Obama Administration Accused Again of Concealing Bush-Era Crimes

“Defendants can neither admit nor deny whether they have possession and control of records responsive to certain other portions of plaintiffs’ request, because to do so would require the disclosure of classified information, or could tend to reveal classified information,” the NSA and Department of Justice state repeatedly in their response to the complaint.

Thomas Bondy, a Justice Department attorney, told US District Court Judge Denise Cote that the act of informing people whether records exist related to surveillance activity targeting them would give information to potential enemies.

“Anyone who asks that question [do records exist?] gets the same answer: We’re not saying yes and we’re not saying no,” Bondy said in court, adding, “if we ever answered this question for anyone, inferences can be made when we do not answer.”

The defense prevailed in district court, defending their “Glomar response,” a technique for combating FOIA requests on national security grounds. It was first used to conceal the CIA’s involvement in the construction of the Glomar Explorer, a deep-sea ship designed to covertly raise a sunken Soviet nuclear submarine.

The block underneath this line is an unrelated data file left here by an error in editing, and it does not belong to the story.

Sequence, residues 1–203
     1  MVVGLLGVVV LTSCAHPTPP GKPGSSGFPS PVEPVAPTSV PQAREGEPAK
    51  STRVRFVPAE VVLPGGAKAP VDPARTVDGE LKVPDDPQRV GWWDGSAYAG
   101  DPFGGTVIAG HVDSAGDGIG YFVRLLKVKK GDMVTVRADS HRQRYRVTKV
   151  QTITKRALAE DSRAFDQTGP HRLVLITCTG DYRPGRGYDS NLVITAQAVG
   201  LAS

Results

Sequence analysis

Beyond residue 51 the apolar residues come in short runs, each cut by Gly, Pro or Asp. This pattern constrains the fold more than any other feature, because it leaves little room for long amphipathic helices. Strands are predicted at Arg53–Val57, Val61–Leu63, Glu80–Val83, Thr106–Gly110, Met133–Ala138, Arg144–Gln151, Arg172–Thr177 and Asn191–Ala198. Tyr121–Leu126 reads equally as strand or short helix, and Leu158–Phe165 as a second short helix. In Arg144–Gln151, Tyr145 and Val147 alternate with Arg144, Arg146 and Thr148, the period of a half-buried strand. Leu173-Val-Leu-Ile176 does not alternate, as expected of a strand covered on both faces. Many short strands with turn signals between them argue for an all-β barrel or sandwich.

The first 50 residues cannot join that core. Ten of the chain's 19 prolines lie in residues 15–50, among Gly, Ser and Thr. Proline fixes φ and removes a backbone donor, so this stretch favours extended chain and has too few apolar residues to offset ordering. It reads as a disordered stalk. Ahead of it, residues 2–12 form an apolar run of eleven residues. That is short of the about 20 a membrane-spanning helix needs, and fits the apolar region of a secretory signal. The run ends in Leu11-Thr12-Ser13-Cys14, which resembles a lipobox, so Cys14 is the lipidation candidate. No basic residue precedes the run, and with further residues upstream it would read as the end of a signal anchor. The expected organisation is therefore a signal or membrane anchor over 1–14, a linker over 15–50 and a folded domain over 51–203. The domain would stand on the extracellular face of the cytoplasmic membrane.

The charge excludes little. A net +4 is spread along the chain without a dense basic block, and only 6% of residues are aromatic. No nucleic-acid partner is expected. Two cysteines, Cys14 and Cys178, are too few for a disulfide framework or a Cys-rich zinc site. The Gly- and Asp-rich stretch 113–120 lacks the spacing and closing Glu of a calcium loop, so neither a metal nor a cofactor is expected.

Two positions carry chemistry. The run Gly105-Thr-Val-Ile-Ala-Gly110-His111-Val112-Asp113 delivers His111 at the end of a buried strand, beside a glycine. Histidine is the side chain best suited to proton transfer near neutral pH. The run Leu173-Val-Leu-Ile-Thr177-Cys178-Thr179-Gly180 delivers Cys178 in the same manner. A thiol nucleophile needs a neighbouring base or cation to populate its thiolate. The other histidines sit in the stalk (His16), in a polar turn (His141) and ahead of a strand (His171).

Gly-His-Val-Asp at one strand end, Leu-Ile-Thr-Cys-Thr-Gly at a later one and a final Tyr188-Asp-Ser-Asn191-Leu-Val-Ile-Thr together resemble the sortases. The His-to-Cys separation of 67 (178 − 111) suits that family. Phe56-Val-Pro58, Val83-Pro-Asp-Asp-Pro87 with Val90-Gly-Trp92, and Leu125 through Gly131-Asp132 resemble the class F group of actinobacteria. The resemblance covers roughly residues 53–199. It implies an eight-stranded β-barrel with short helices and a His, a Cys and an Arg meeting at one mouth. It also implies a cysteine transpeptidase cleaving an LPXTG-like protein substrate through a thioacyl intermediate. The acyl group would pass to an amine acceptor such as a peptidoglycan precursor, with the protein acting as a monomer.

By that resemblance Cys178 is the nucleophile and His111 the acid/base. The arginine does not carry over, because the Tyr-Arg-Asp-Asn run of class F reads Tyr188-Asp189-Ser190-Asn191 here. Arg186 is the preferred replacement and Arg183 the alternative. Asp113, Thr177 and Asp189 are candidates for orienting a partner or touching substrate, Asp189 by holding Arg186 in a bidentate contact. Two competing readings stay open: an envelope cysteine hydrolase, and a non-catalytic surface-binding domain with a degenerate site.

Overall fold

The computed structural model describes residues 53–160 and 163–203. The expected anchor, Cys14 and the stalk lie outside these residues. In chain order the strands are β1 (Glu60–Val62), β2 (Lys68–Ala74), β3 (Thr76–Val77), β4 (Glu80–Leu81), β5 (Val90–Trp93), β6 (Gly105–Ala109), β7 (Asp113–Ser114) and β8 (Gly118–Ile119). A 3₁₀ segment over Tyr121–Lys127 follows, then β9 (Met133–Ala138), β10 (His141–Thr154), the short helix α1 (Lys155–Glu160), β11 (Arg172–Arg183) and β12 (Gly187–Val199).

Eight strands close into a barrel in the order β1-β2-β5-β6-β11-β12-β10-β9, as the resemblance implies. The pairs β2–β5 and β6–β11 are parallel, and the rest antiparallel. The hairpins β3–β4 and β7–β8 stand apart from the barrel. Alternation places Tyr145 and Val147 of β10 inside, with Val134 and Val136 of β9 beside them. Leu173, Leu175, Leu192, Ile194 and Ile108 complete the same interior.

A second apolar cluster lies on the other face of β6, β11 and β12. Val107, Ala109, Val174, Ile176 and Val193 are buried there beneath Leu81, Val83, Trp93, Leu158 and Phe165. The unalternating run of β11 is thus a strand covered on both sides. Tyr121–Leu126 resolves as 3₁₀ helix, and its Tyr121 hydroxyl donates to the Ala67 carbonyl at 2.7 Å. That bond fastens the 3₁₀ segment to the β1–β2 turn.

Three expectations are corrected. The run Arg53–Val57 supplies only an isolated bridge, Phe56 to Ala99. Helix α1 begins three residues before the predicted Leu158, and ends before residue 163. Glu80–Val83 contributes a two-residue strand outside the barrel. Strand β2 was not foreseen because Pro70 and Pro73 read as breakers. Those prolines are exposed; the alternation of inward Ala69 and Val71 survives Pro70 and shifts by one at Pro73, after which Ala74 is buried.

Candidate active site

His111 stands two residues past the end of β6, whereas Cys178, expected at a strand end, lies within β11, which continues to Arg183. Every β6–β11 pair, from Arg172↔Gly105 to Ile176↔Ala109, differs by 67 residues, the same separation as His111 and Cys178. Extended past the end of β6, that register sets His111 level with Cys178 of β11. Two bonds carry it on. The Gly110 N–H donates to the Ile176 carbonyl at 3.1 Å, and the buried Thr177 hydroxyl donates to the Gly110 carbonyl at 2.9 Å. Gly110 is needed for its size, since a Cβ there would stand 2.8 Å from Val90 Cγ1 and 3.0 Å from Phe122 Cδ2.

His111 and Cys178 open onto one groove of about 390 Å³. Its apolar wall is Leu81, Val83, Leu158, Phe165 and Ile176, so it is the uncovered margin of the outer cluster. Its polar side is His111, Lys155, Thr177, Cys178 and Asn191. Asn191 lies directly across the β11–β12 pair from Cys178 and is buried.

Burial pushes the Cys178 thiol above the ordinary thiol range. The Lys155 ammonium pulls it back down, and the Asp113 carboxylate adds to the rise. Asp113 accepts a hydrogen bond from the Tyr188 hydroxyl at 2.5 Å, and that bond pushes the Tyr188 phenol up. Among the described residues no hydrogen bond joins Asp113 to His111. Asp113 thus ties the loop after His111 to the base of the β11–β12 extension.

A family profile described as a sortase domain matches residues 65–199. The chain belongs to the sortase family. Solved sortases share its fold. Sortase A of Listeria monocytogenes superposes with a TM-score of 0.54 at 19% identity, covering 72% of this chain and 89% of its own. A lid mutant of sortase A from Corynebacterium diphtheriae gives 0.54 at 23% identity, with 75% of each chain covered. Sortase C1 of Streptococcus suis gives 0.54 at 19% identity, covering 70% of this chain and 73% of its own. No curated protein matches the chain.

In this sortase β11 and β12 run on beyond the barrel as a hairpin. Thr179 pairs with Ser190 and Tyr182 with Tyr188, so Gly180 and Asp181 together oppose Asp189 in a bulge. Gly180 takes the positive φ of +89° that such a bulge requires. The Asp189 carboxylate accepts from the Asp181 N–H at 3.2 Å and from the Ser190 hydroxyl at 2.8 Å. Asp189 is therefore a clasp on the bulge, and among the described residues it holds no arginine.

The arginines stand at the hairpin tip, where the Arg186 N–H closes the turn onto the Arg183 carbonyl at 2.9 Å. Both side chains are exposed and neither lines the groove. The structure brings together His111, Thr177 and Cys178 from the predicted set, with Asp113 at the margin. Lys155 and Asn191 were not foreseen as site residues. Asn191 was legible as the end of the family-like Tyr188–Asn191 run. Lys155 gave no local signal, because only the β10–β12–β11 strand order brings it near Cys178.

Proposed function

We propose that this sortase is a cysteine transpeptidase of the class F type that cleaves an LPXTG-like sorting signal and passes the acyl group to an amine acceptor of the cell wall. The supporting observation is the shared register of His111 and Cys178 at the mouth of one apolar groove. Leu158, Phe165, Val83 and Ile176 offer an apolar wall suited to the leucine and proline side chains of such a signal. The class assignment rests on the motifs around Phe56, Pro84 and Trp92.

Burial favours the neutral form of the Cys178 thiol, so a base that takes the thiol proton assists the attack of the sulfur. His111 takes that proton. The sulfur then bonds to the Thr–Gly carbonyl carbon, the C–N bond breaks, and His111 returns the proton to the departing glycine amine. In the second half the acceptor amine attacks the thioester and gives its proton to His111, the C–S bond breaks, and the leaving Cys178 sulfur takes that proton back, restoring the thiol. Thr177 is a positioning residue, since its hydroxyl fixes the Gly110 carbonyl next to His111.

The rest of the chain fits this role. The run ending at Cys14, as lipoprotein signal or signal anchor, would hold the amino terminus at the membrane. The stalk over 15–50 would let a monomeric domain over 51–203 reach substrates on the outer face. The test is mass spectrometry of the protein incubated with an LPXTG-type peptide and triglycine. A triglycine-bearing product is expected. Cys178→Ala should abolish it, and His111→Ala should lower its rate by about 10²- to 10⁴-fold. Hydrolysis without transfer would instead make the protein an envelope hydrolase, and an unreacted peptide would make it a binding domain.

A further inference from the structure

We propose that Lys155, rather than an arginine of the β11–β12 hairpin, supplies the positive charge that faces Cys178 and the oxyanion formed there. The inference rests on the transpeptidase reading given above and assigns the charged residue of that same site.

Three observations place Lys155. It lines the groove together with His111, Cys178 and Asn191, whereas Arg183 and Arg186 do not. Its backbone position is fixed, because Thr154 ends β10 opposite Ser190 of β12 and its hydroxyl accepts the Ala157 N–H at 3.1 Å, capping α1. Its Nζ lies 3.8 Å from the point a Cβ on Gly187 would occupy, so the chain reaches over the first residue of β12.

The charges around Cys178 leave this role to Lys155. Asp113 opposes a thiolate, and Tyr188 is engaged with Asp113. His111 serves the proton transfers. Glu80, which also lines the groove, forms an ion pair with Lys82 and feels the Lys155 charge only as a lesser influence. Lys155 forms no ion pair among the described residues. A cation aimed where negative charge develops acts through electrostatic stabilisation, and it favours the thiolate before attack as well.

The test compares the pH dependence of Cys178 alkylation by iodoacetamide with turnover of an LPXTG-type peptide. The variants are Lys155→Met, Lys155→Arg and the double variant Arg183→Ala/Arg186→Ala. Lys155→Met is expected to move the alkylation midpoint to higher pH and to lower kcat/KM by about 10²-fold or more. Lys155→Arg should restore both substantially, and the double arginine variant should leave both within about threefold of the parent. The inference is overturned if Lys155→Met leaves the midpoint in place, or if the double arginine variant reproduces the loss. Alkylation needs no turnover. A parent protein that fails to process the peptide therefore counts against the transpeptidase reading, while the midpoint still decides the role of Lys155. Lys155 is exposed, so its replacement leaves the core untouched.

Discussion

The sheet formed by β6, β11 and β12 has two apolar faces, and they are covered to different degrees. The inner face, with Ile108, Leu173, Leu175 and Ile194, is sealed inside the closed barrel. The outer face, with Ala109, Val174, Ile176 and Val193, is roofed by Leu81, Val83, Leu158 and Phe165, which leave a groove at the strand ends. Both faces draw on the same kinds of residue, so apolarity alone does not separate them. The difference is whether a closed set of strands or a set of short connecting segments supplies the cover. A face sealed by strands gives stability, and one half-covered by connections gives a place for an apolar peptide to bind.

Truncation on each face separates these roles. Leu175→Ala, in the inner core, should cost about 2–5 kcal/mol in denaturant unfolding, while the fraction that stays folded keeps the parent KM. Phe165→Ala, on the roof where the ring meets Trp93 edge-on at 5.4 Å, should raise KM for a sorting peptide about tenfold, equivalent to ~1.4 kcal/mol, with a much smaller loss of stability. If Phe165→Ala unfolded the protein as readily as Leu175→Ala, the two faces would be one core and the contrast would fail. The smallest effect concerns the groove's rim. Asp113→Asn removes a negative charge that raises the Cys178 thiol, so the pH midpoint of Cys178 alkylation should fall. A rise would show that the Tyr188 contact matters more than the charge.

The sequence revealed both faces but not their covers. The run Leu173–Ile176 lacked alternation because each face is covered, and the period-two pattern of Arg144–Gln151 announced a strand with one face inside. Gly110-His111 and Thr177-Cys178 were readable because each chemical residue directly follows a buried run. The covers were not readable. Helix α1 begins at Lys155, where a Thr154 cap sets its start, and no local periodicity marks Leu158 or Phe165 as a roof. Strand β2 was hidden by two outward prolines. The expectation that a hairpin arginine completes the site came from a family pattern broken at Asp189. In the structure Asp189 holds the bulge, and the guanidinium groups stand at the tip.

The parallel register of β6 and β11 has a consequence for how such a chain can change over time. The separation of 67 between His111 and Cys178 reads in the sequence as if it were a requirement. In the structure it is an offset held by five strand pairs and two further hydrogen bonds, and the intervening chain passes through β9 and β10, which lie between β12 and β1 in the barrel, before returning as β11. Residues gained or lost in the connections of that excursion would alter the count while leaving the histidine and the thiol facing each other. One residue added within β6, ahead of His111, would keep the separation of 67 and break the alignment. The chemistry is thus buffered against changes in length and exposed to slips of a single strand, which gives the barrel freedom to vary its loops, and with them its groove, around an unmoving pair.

The Glomar response has never been ruled on by the Supreme Court, has very limited case history and has never been ruled on by the 2nd Circuit Court of Appeals, where the fate of Wilner v. NSA will be decided shortly.

The Glomar response was one of the many legal tactics that the Bush/Cheney administration used to maintain an unprecedented level of secrecy and executive power. Civil libertarians hoped the Obama administration would abandon this policy, but so far they have been disappointed.

Constitutional scholars express regret that the Obama administration and Congress have failed to hold the Bush administration accountable.
“I’m frustrated that the Obama administration and Congress have not moved more quickly to establish accountability for Bush administration programs that were likely unlawful,” Ohio State University law professor and constitutional law scholar Peter Shane told Truthout.
“The Bush administration has been history for 10 months, and it is still not clear what path we are on to clarify the historical record on what the Bush administration did or did not do with regard to civil liberties. I wish there were less resistance to lawsuits that are trying to vindicate people’s rights in these matters.”

Matt Renner is the Director of Development at Truthout. He can be reached at Matt@truthout.org.

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